Limbaugh Program Demonstrates Need for the Return of the Fairness Doctrine

By Corrigan, Don | St. Louis Journalism Review, December 2000 | Go to article overview

Limbaugh Program Demonstrates Need for the Return of the Fairness Doctrine


Corrigan, Don, St. Louis Journalism Review


They call me the most dangerous man in America. Know why? Because I am," declares Rush Limbaugh.

St. Louis residents know all about Limbaugh's penchant for braggadocio, thanks to KMOX Radio's surrender of three hours a day to "El Rushbo."

Limbaugh bragged about his "dangerous man" status several years ago, after, extending his broadcast media presence from syndicated radio to an increasing number of television appearances.

Limbaugh came to the realization that he is a dangerous man without any great personal reflection. He came to the conclusion, characteristically, with "half my brain tied behind my back."

Unfortunately, KMOX Radio has not come to terms with the danger Limbaugh represents, and presumably KMOX management operates with all its gray matter intact and functioning. The self-declared "Voice of St. Louis" allows Limbaugh to demagogue, to spout nonsense and to spread poison with impunity three hours a day, five days per week.

KMOX provides no "truth detector" at the conclusion of Limbaugh's error-ridden harangues. The station makes no apologies for the many Limbaugh broadcasts which are often nothing more than 180 minutes of partisan, political advertising. KMOX Radio makes no attempt to provide its audience with any counterweight to the Limbaugh version of reality.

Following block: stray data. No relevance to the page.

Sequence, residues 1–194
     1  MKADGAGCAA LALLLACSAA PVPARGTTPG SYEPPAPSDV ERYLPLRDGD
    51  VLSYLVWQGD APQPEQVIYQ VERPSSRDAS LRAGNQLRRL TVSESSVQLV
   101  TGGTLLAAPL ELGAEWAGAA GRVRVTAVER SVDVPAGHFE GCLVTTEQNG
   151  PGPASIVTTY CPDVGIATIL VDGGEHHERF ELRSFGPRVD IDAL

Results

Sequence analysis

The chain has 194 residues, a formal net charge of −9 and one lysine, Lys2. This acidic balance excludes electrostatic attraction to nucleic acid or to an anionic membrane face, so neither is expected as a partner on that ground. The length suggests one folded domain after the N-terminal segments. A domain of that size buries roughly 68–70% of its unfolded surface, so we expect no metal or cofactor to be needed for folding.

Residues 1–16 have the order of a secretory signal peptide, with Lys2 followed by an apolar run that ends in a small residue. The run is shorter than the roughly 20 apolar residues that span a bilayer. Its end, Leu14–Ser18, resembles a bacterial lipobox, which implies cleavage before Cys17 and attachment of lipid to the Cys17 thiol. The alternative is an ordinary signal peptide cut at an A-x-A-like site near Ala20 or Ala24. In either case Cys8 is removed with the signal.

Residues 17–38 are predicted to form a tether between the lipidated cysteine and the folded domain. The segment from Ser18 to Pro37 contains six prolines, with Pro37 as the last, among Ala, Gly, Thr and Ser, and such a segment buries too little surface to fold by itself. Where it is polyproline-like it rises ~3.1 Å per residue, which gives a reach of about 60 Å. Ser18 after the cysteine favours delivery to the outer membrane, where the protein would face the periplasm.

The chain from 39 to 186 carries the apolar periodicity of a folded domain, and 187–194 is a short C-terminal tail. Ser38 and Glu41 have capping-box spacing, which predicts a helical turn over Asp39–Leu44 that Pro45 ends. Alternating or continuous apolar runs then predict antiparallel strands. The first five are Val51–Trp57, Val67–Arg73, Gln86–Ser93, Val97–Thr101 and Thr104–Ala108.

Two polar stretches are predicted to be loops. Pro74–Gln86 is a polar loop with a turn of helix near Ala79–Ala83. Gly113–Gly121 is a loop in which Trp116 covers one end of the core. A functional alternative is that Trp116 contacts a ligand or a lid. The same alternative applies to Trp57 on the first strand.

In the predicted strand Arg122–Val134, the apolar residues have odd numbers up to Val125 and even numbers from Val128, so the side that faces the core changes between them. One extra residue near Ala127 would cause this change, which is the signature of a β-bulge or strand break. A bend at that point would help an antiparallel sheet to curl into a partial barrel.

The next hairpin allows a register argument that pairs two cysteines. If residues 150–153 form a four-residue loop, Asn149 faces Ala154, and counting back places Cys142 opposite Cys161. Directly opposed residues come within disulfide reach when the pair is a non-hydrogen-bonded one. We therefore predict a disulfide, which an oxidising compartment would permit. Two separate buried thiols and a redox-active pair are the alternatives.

In fact, a case can be made--and that case will be argued here--that Limbaugh in St. Louis represents one of the strongest arguments ever for a return of the Fairness Doctrine to broadcasting.

The FCC's Fairness Doctrine was effectively jettisoned during the great age of deregulation ushered in by the Reagan Administration. President Ronald Reagan appointed a major campaign contributor, and owner of broadcast properties, to the head of the Federal Communications Commission. Reagan's appointee, Mark Fowler, immediately went to war against the Fairness Doctrine, which his fellow broadcasters viewed as something more than an annoyance.

Since the demise of the Fairness Doctrine, there have been plenty of expressions of "good riddance" by broadcast moguls, their lawyers, their lobbyists and their various apologists in academia. Nevertheless, the logic for the implementation of "fairness" on the airwaves has hardly been diminished. And, in examining the phenomenon of Limbaugh in St. Louis, a strong case can be made for the return of the Fairness Doctrine.

Fairness: What is it?

The idea of the Fairness Doctrine was not hatched from an ideological think tank or a university department of communications. Its genesis and refinement evolved from some real-life cases of abuse by broadcasters. The so-called "Red Lion" case is one such example.

The "Red Lion" case involved 1964 broadcasts of the Rev. Billy James Hargis as part of his "Christian Crusade." Hargis labeled book author Fred J. Cook as a tool and employee of the Communist conspiracy. When Cook demanded an opportunity to reply to the charges so as to restore his reputation, Pennsylvania radio station WGCB of Red Lion Broadcasting refused to honor Cook's request.

The FCC took exception to WGCB's refusal. The FCC declared that the station had a fairness obligation to Cook, and the commission's ruling was subsequently upheld by the courts. As similar cases came before the FCC, the rationale and philosophical justifications behind the Fairness Doctrine became increasingly clear:

* Broadcasters use the airwaves which are owned by the public. These airwaves are a limited resource, and, therefore, broadcast licensees have certain obligations to act in the public interest with their licensee privilege.

* When a broadcaster presents issues of great public importance, the licensee has an obligation to present opposing viewpoints on those issues in order to serve the public interest.

* Broadcasters not only have an obligation to give equitable treatment on controversial issues, but also to give a right of reply to those who have been subject to personal attack. …

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